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Globally networked learning (GNL) refers to an approach to research, learning, and teaching that enables students, faculty, and non-academic researchers from different locations around the world to participate in, and collaborate on, knowledge-making processes and concrete research projects. With the aid of various forms of technology – including but not limited to, learning management systems, video conferencing software and hardware, cloud computing and social media – they are brought together in a consortium to collaborate on projects that bring together the diverse perspectives of participants to produce a richer, more nuanced, understanding of the issue(s) at hand. A GNL project might entail or produce cross-cultural discussion on a particular course concept, a joint lecture over multiple time zones, a shared assignment, or a collaborative research project, among other possibilities.

GNL pedagogy supports student-centered learning and teaching for the 21st century university. It supports the development of global competencies – among students and instructors – required to adapt, thrive, and succeed in becoming global citizens engaged in complex, intercultural problem solving. As a form of experiential education that transcends borders, the promise of GNL can be reinforced through open pedagogy, development of digital literacy and production, and other forms of innovative knowledge-making practices across cultures.



The GNL project at York University began in 2015. “The GNL project at York is currently an autonomous zone bringing researchers, instructors and students together to imagine and experiment with the idea of ‘global thinking’ as a critical skill to acquire for globally networked working environments. GNL can create rich cultural connections by designing a learning environment that engages students locally and internationally in conversations with the goal of advancing collaboratively the latest thinking on global issues,” says Dominique Scheffel-Dunand, the current Project Lead.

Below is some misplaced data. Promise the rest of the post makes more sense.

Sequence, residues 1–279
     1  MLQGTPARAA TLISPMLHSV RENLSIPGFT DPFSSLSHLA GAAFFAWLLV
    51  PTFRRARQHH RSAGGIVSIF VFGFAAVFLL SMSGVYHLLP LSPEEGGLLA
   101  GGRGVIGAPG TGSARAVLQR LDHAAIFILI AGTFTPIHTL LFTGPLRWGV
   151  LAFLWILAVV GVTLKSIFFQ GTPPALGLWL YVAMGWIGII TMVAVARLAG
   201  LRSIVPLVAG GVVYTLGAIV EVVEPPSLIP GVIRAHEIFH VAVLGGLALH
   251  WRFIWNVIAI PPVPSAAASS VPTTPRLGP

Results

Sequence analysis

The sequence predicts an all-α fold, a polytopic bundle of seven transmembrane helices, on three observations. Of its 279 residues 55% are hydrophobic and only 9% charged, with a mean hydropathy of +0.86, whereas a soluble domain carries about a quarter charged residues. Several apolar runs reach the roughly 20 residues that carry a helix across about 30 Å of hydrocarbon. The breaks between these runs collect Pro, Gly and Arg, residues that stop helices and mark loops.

Over the past few years, the Project research team has been exploring ways to institutionalize the initiative at York University.

  • We began by working closely with students and faculty members at both of our campuses to build an awareness of GNL pedagogy.
  • Through this work, the project evolved beyond GNL, in response to the needs, interests and expertise of our students and faculty. We recruited students from across faculties with strong problem-solving and leadership skills to design GNL modules and open educational resources (OER) on interculturality, plurilingual communication and academic competencies/informational literacy.
  • Moving forward, our plan for the 2019-2020 academic year is to develop and solidify a virtual ecosystem at York and beyond to further grow and support its learning community.

Learn more about the project’s conceptualization, history, and future directions here.



If you are a student at York University:

Are you an undergraduate or graduate student who is interested in international mobility, experiential learning, and developing your intercultural competency and plurilingual communication? Do you want to develop strong problem-solving skills for today’s complex problems? We would love to hear your ideas!

If you are a faculty member at York University:

Are you a York University faculty member who is interested in student-centered learning and open pedagogy? Are you planning to develop and mount a GNL course? We would love to support you!

Please email to get in touch with the project team today.